Earlier scientific research on Malaysian theatre was mostly done by foreign scholars: “They (Western scholars) have been coming here since the 1940s, writing all about traditional Malaysian theatre. And they are still coming because they get grants to do this – especially in the US,” says Ghulam.

It was only when Universiti Malaya was formed that South-East Asian scholars began to write their own narratives on performing arts in Malaysia: “We went to the kampungs to do research of our own.”

Of Language Constraints and Censorship

Having been in the literary world for several decades has made him see that Malaysian literature in English is lagging behind. While it is celebrated by a huge number of readers, it is not as lauded as Malay literature by the government, which only recognises works of literature in the Malay language as national literature, thus excluding works in other local languages such as Chinese, Tamil and English, among others. These are considered sectional (kesukuan) literature.

Works by Prof. Ghulam-Sarwar Yousof.

This uneven playing field has dampened the competitiveness of Malaysian literature and has left writers in both English and Malay struggling: “The government gives less support to literature written other than in Malay; it supports Malay literature financially by publishing journals and establishing the Dewan Bahasa dan Pustaka and the Institut Terjemahan dan Buku Negara. Many materials published in Malay will be bought wholesale by the government and supplied to schools,” says Ghulam.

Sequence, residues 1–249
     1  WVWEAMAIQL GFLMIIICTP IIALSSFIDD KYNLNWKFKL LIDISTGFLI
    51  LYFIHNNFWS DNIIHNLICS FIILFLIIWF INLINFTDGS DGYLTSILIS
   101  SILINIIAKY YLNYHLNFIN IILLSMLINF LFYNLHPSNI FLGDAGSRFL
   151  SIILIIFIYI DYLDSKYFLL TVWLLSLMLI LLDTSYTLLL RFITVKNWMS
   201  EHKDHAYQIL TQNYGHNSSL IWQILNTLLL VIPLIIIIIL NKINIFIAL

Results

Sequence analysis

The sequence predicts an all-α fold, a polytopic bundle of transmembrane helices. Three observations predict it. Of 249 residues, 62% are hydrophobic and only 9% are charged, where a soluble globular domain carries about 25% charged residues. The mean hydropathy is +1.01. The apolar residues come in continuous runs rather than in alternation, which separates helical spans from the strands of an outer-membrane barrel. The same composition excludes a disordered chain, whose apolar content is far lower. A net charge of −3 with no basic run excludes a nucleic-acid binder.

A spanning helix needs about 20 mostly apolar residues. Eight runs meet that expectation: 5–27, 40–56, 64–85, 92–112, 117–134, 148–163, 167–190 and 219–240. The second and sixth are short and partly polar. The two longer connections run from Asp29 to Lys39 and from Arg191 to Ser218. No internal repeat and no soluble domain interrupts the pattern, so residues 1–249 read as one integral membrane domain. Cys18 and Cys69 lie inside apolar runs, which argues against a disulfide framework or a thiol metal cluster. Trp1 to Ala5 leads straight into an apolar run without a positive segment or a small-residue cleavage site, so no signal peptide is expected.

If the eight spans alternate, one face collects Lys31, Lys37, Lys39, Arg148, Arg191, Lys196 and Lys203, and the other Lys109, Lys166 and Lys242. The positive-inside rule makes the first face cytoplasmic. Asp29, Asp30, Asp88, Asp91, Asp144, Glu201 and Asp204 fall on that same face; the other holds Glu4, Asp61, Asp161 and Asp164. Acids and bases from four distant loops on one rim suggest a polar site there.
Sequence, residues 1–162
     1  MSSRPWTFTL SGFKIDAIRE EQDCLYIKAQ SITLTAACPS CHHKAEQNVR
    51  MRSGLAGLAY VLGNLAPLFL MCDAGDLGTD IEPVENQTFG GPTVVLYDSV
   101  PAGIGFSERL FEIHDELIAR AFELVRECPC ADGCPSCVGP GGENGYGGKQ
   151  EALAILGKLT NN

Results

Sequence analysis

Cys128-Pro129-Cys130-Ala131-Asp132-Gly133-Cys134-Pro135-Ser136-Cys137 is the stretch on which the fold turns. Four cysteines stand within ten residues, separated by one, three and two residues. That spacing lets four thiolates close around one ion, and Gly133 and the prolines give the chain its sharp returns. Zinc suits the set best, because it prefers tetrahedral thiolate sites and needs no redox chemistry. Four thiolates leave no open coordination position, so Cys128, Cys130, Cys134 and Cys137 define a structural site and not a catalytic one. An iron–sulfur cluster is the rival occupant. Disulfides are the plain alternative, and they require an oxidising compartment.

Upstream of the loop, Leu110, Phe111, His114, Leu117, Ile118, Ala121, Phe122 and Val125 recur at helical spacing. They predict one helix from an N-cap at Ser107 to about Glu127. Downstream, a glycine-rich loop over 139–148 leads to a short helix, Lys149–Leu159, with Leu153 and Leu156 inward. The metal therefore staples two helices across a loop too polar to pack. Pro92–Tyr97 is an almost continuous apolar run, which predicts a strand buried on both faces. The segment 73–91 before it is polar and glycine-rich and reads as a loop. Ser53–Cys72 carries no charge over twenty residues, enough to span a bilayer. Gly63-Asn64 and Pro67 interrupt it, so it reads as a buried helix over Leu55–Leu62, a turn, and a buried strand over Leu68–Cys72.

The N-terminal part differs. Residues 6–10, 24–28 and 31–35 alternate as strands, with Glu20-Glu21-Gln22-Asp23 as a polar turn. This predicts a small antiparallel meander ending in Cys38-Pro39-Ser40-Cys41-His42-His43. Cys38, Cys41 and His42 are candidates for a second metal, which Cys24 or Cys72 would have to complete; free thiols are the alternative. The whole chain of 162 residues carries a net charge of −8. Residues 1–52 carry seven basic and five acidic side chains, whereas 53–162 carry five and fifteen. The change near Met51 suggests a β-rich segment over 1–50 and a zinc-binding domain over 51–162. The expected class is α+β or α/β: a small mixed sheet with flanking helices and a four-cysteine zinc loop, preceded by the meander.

Political issues surrounding the national language and English have put both languages and literature in Malaysia in jeopardy. While there are many published works by Malaysian writers in other local languages, particularly in early literary magazines such as The New Cauldron in 1950s Malaya, they are denied due recognition because of the language they are written in, and are thus disqualified from the National Literary Award. The status of national literature is thus limited to writers who write in Malay and whose works have contributed significantly to the nation’s literary development.

This is dissimilar to Singapore, which recognises English, Malay, Chinese and Tamil as its official languages; the criterion for its national literary prize is not exclusive to works in English.